It is not enough to be able to read. You have to know how to read. In other words, it requires some critical thinking. The internet is a good example, especially when it comes to the difference between guidelines and rules.
A lot of online material concerns ways to do things: tips, how to’s, and rules. When creating material like this we inevitably want people to read it. We want them to visit the site. We want a return on our investment.
We want numbers.
That’s normal. Sometimes we want the numbers because they can translate into revenue. Sometimes we simply want the satisfaction of knowing people have seen and hopefully read what we put our effort into.
So we often present what we have to say as rules. Sometimes we do so explicitly. “Ten rules for writing effective copy.” Sometimes we do it implicitly by calling them tips. In both cases, we often put them in bullet form.
The problem with bullets
In speaking of Powerpoint presentations (“Powerpoint makes us stupid”–these bullets can kill), Seth Godin states the problem of bullet points: they look like gospel even when they aren’t.
- bullets are always simple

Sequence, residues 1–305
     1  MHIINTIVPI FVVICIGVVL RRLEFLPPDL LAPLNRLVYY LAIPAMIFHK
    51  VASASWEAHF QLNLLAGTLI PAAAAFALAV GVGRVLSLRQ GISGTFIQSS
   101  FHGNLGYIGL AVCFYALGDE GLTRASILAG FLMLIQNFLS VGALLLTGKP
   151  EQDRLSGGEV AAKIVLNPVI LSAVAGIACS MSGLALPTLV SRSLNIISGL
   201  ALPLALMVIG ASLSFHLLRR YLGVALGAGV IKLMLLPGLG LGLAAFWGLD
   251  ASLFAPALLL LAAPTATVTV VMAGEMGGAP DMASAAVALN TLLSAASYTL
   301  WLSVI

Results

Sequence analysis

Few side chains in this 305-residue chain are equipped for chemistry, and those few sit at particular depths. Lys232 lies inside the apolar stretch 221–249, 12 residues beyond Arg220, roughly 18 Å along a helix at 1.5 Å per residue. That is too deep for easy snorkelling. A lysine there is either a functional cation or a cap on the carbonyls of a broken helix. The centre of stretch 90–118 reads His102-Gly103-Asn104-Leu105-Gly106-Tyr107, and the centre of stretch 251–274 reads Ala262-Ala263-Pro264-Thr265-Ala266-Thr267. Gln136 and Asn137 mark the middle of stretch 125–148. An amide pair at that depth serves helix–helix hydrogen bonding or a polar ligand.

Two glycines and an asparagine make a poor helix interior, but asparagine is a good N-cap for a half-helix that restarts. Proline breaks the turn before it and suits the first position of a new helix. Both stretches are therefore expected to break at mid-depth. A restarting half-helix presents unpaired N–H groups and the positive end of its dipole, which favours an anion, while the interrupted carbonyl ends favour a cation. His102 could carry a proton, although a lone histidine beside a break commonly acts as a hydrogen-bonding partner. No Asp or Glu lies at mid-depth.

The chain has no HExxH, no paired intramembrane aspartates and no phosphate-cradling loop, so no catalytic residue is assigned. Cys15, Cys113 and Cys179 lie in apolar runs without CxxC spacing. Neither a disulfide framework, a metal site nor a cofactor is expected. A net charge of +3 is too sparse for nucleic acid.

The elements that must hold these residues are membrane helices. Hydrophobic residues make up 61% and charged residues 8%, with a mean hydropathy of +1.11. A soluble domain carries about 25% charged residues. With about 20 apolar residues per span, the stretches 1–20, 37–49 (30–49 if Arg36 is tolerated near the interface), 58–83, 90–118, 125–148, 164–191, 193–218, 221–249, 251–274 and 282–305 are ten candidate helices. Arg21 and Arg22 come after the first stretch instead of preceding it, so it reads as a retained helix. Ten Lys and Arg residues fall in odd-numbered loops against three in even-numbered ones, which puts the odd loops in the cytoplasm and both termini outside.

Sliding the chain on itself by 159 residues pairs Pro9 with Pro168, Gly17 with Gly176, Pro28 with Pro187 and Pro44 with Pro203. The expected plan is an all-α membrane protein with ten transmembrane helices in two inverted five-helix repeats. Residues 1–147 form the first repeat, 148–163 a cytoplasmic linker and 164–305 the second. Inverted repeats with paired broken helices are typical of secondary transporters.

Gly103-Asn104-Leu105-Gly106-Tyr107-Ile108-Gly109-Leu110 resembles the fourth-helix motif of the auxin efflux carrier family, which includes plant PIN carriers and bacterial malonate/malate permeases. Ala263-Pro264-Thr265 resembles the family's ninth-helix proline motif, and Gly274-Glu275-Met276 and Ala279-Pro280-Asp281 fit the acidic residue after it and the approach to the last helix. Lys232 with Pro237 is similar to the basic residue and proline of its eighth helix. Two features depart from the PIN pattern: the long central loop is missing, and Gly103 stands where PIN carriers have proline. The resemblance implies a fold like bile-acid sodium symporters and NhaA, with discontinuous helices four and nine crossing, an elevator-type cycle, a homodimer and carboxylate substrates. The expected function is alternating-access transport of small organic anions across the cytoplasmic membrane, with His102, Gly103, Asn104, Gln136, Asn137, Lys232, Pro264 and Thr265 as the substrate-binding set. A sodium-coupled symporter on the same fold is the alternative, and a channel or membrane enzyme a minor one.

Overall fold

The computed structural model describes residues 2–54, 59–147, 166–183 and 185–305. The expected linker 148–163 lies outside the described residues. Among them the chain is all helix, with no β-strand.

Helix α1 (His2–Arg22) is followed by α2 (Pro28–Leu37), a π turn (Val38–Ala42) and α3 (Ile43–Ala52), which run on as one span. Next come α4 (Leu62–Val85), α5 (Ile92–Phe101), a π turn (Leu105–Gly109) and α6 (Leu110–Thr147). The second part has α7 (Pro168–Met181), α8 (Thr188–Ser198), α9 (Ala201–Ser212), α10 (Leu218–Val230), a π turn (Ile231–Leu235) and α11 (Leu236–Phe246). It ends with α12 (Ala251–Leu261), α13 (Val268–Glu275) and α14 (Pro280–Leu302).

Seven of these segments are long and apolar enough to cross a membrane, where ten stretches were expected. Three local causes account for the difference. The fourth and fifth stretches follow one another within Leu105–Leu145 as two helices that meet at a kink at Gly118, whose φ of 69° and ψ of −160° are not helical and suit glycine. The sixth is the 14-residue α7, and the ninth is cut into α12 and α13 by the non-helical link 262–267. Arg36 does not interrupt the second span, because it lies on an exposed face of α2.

- bullets are always true
- bullets are true because they are simple
- anything simple must be true
As Seth points out, these are true because they look like they are true — even when they are not. They appear to have authority because they are:
The problem is that, even when they are true, they are not always true. They are guidelines masquerading as rules. The truth is that context determines whether they are accurate or not. As a reader, therefore, you have to be aware of this and think of them critically.
Bullets are an organizational device
Bullets are a tool we use to chunk thoughts into categories. When we use bullets in number from, it is implied that they are sequential.
The chunks we present as bullets are really executive summaries. Each represents a much more detailed account of what they are about. And all should be accompanied by an asterisk that leads to a note saying, “This is often true but not always.”
Brevity is important online. Bullets help us to be brief. However, they are never the whole story.
As a reader, you have a responsibility to read what is presented and to know when and where what you read applies. This isn’t to say what you read is wrong; it is often correct – but not always. Your responsibility is to look at it critically, put it in the context of your situation, and then determine if it applies or not.
If you take them as easy, one-size-fits-all road maps, you’ll eventually find yourself lost.